Prosper and Be In Health, Inc. Prosper and Be In Health, Inc. Mon, 19 Mar 2018 16:15:14 +0000 en-US hourly 1 Why Give? “Joy of Giving” Tue, 13 Feb 2018 18:03:45 +0000 I enjoy giving, especially to youth and families in underserved communities. But, I have often wondered about the reasons why philanthropists give. Please join me in taking a closer look at two extremely successful philanthropists, and their reasons for giving.

Tough Question #10 – Why are you really giving your money away—what’s in it for you?

Gates Notes by Bill & Melinda Gates – February 13, 2018

Bill: It’s not because we think about how we’ll be remembered. We would be delighted if someday diseases like polio and malaria are a distant memory, and the fact that we worked on them is too.

There are two reasons to do something like this. One is that it’s meaningful work. Even before we got married, we talked about how we would eventually spend a lot of time on philanthropy. We think that’s a basic responsibility of anyone with a lot of money. Once you’ve taken care of yourself and your children, the best use of extra wealth is to give it back to society.

The other reason is that we have fun doing it. Both of us love digging into the science behind our work. At Microsoft, I got deep into computer science. At the foundation, it’s computer science plus biology, chemistry, agronomy, and more. I’ll spend hours talking to a crop researcher or an HIV expert, and then I’ll go home, dying to tell Melinda what I’ve learned.

It’s rare to have a job where you get to have both a big impact and a lot of fun. I had it with Microsoft, and I have it with the foundation. I can’t imagine a better way to spend the bulk of my time.

Melinda: We both come from families that believed in leaving the world better than you found it. My parents made sure my siblings and I took the social justice teachings of the Catholic Church to heart. Bill’s mom was known, and his dad still is known, for showing up to advocate for a dizzying number of important causes and support more local organizations than you can count.

When we got to know Warren Buffett, we discovered that he was steeped in those same values, even though he grew up in a different place and at a different time. When Warren entrusted us with giving away a large portion of his wealth, we redoubled our efforts to live up to the values we share.

Of course, these values are not unique to the three of us. Millions of people give back by volunteering their time and donating money to help others. We are, however, in the more unusual position of having a lot of money to donate. Our goal is to do what our parents taught us and do our part to make the world better.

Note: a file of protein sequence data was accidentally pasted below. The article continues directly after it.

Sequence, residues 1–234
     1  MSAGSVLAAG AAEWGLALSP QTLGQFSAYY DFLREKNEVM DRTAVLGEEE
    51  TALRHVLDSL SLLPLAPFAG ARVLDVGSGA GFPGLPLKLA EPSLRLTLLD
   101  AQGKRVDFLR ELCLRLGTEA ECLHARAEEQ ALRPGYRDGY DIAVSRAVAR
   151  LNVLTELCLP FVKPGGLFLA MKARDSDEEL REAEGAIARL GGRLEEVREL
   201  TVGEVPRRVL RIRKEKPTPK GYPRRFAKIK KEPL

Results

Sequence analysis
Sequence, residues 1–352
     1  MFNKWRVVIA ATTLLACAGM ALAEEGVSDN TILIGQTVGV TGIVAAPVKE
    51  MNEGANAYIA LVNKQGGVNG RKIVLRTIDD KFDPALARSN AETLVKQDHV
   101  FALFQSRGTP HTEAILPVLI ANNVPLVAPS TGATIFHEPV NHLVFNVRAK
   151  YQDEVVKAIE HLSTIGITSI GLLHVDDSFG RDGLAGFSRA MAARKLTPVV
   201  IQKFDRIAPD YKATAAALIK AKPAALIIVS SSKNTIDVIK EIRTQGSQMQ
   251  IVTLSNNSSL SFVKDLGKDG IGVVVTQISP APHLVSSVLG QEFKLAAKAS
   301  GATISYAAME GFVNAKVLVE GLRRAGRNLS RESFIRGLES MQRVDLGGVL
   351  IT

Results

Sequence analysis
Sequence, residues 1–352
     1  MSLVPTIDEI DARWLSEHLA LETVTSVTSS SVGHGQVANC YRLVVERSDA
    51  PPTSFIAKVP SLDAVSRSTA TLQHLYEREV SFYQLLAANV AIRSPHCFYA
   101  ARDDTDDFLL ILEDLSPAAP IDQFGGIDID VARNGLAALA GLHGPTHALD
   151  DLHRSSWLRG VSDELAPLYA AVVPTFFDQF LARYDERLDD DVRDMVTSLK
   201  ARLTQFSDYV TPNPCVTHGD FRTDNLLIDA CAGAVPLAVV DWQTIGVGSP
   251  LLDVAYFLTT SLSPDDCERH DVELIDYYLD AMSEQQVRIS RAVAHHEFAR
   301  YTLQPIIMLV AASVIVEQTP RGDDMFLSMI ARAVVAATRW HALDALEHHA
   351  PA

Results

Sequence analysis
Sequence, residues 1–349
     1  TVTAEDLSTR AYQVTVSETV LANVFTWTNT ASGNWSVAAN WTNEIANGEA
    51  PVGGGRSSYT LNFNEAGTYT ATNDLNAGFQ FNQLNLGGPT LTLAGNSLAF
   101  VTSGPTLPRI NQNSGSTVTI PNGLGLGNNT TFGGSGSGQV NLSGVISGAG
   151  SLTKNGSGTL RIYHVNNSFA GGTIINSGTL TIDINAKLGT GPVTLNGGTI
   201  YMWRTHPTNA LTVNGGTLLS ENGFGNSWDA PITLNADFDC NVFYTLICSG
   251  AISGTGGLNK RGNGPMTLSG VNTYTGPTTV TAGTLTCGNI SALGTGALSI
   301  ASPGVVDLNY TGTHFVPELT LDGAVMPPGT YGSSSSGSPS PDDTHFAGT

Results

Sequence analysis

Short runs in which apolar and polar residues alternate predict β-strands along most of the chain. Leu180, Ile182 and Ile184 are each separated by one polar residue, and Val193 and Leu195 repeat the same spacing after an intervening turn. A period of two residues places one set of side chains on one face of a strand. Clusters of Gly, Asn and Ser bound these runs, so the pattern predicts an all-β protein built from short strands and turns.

Bill and I have been doing this work, more or less full-time, for 18 years. That’s the majority of our marriage. It’s almost the entirety of our children’s lives. By now the foundation’s work has become inseparable from who we are. We do the work because it’s our life.

We’ve tried to pass on values to our children by talking with them about the foundation’s work, and, as they’ve gotten older, taking them with us on trips so they can see it for themselves. We’ve connected to each other through thousands of daily debriefs on learning sessions, site visits, and strategy meetings. Where we go, who we spend our time with, what we read and watch and listen to—these decisions are made through the prism of our work at the foundation (when we’re not watching The Crown).

Maybe 20 years ago, we could have made a different choice about what to do with our wealth. But now it’s impossible to imagine. If we’d decided to live a different life then, we wouldn’t be us now. This is who we chose to be.

Gates Notes:

Every Blessing,

Frederick E. Esters


Prosper & Be In Health, Inc.

“Prosperity, Health & Transformation”



WHY HAITI? “A Cry for Help” Wed, 07 Feb 2018 22:11:39 +0000 WHY HAITI?

“A Cry for Help”

Fall 2004

A Small Boat with Haitian Boat People
    Haitian Boat People

It was just another beautiful tropical day in South Florida. I prayed, ate a light snack, and rushed off to the gym for an early-morning workout. Afterwards, while listening to the radio driving home, I was startled by a news broadcast. A jogger discovered several dead bodies that had washed up on a beach in Fort Lauderdale, Florida. Back at home, I turned on the TV to learn more. There were deceased men, women, and children. Deeply shaken, I pondered about who they were, where they came from, and how they drowned. The TV investigative reporter referred to them as the “Haitian Boat People”.